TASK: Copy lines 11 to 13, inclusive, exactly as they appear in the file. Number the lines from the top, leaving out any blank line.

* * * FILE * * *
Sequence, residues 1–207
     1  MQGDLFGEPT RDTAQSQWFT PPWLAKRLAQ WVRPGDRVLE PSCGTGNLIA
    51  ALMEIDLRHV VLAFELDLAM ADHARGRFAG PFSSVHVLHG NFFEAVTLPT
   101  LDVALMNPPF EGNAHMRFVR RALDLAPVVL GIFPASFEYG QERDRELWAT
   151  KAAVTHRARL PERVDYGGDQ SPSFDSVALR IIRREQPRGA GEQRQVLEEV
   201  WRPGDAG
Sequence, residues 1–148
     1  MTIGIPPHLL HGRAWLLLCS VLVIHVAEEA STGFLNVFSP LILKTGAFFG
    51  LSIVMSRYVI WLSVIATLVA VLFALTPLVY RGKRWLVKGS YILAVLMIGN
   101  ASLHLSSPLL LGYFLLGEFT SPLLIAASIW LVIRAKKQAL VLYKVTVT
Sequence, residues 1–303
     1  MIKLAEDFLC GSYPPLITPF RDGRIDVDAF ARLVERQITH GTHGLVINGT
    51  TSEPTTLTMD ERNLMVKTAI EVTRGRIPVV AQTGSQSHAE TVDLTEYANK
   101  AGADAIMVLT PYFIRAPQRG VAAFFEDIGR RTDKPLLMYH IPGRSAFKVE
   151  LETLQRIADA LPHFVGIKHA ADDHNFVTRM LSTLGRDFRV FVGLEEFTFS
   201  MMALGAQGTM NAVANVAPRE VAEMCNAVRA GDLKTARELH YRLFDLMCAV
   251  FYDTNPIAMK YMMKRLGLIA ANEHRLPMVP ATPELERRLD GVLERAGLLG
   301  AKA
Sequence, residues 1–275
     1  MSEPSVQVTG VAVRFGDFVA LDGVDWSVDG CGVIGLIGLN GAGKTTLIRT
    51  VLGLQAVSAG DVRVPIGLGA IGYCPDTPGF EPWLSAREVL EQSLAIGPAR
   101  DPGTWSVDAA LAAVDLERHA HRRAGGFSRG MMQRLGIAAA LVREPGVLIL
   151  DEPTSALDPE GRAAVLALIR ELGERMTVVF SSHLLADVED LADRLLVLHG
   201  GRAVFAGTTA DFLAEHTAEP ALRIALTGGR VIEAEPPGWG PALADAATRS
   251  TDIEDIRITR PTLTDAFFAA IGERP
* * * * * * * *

Sequence, residues 1–303
     1  MIKLAEDFLC GSYPPLITPF RDGRIDVDAF ARLVERQITH GTHGLVINGT
    51  TSEPTTLTMD ERNLMVKTAI EVTRGRIPVV AQTGSQSHAE TVDLTEYANK